As a human I have learned that change is the only constant and the most consistent agent we have in life. As Arthur Schopenhauer said, 'Change alone is eternal, perpetual, immortal.' However, as a coach I have learned that people are not consistent in their goals or keeping up with their need/desire for change. In my observations, the struggle is whether we conform to the pressure around us or do we take center stage for the story of our life and determine for ourselves what change will look like?
‘When we are no longer able to change a situation – we are challenged to change ourselves.’ Viktor Frankl
Of course there are several stages for change, and most common are the personal stage and the organizational stage. Both seem to have their difficulties as well as alignments of skills. Regardless of the stage you set your foot on to live your change, the steps are similar, typical and exchangeable. Richard Beckhard and David Gleicher, later refined by Kathie Dannemiller coined the term, "Formula for Change" which is sometimes called Gleicher's Formula. This formula compares the success of change programs to the relative strengths affecting that change. It is as follows:
There are four factors that are needed for change, whether for the individual or organization. These factors are:
- D = Dissatisfaction with how things are currently;
- V = Vision of what is possible and tangible;
- F = First concrete steps that can be taken towards the vision;
- CL = Creative Leadership to navigate toward the vision.
If the product of these four factors is greater than:
- R = Resistance,
then change is foreseeable. D, V, and F are multipliers, because of that, if any one particular factor is missing or low then the product will be low and the resistance to change will be stronger. Whether the organization or individual, when trying to change 'Change Fatigue,' it is often felt in which people become demotivated, tired, and negative towards management (Williams, 2008).
What about CL, Creative Leadership? For the organization, this could be a consultant, mentor, or other measures. For the individual, a coach would be best fitted. Regardless, in my honest opinion, something that is needed for expected change is an outside set of eyes because they provide:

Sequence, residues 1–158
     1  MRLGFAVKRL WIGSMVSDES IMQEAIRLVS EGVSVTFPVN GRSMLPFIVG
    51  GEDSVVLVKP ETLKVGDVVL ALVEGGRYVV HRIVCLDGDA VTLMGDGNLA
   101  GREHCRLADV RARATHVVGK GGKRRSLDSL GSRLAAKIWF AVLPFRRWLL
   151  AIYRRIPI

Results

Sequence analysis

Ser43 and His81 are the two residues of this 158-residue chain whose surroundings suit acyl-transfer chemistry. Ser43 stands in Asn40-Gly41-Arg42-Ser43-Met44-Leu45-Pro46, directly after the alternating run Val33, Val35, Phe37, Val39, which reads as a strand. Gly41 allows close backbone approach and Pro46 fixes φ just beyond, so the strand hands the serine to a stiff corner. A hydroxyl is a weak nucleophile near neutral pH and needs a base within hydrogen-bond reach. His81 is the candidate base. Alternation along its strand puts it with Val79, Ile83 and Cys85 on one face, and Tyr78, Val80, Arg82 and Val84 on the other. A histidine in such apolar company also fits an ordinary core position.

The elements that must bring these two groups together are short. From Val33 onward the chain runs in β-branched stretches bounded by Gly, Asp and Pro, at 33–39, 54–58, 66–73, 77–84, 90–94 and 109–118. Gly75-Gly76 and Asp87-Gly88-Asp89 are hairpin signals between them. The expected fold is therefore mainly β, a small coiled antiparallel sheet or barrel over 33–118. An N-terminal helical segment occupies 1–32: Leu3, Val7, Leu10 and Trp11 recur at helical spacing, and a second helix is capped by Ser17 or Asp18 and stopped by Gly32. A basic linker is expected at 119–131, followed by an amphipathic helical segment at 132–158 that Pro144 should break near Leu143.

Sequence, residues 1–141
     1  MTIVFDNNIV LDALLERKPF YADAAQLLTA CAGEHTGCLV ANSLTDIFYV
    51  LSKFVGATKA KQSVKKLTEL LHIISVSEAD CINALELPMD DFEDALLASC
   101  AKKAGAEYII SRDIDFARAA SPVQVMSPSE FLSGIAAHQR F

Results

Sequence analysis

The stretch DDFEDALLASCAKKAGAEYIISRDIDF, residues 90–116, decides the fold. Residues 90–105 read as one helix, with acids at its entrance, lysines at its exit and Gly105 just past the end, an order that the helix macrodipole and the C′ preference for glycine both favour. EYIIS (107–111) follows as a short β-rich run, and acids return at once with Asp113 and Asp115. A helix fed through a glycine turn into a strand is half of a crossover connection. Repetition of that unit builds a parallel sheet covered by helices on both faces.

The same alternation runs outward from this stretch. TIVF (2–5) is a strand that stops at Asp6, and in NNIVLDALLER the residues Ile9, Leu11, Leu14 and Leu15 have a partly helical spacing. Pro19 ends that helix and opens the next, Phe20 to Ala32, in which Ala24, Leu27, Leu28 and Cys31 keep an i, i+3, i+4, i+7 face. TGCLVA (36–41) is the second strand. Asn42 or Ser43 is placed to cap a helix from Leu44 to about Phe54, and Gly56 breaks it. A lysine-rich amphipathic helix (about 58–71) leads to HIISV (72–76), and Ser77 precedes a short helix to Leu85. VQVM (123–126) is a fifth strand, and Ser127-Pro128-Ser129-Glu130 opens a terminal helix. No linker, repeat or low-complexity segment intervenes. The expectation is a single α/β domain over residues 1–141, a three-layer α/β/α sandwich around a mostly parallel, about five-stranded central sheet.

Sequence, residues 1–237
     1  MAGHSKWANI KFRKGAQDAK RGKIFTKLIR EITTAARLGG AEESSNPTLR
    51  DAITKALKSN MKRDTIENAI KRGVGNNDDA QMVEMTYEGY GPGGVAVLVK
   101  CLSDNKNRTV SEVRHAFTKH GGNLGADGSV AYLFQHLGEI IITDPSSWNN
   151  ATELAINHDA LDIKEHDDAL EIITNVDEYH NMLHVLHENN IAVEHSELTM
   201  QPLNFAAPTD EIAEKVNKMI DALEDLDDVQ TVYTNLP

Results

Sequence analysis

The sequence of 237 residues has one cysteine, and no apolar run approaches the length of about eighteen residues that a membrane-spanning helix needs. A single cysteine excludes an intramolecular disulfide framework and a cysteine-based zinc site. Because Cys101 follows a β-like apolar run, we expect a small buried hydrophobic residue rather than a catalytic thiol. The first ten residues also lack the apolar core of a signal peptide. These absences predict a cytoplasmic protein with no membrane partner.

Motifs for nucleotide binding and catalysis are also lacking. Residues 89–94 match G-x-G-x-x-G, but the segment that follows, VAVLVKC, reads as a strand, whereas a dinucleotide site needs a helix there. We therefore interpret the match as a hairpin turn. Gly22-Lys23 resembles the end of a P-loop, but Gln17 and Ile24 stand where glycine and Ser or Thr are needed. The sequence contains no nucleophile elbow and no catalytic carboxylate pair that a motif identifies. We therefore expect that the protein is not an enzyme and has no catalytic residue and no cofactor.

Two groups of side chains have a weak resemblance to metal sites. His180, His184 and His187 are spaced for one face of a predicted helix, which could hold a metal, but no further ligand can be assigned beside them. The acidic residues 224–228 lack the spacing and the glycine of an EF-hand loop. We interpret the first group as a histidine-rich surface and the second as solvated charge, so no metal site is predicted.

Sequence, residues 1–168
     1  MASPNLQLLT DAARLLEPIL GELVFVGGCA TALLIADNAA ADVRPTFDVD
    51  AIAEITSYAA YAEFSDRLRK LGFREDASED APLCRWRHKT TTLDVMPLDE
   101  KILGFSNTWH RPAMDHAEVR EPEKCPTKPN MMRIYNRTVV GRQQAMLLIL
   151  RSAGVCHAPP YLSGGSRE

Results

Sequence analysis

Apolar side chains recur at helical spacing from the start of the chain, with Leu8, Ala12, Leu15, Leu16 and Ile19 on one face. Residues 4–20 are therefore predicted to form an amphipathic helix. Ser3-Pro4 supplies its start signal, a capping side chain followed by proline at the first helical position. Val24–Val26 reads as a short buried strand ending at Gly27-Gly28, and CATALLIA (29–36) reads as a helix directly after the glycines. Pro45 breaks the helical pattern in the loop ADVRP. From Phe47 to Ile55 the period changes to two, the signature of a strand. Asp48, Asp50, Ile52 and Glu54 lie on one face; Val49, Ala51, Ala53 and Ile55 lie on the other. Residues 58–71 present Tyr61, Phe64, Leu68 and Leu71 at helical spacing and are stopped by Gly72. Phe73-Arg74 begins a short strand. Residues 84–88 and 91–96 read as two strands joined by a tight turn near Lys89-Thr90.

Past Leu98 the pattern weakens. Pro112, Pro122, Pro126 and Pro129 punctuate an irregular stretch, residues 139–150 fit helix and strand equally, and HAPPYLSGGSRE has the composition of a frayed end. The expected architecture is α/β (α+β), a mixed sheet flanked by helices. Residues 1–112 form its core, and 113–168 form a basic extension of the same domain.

- Accountability - Someone to keep the coachee/organization grounded on progress and forward momentum.
- Efficiency - Through accountability, solutions begin to unfold at a faster pace with the coach/consultant's efforts combined.
- Expertise - The knowledge and wherewithal to know the direction.
- Delivery - Knowing the right thing to say or ask and the timing of when to say or ask it.
The truth is, nobody knows the dissatisfaction more than those involved with the issue. Through this sort of influence and strategic thinking of the Creative Leader, the vision and concrete steps can be created. The benefit of this is permanent change. If the individuals involved can learn how to spot the interference they can keep positive momentum constant and maintain more constant progress.
What needs changed in your life/organization? Do you have Creative Leadership trained to identify and navigate you through change so that change fatigue does not set in? Do you have a vision for what is possible and tangible? Do you have any sort of 'first steps' to begin your success?
Consider contacting me to discuss coaching or consulting to see your options and what is best for you.
Remember, 'All change is not growth, as all movement is not forward.' - Ellen Glasgow. The coach is an outside observer being able to see the whole arena and able to identify where things are colliding and are able to isolate the interference.
- Beckhard, R 1969 Organization Development: Strategies and Models, Addison-Wesley, Reading, MA.
- Dannemiller, K. D., and Jacobs, R. W. (1992). Changing the way organizations change: A revolution of common sense. The Journal Of Applied Behavioral Science, 28(4), 480-498.
- Jacobs, R. W. (1994). Real-time strategic change: How to involve an entire organization in fast and far-reaching change. San Francisco: Berrett-Koehler.
- Wheatley, M. J., Tannebaum, R., Yardley, P. Y., and Quade, K. (2003). Organization development at work: conversations on the values, applications, and future of OD. San Francisco: John Wiley & Sons.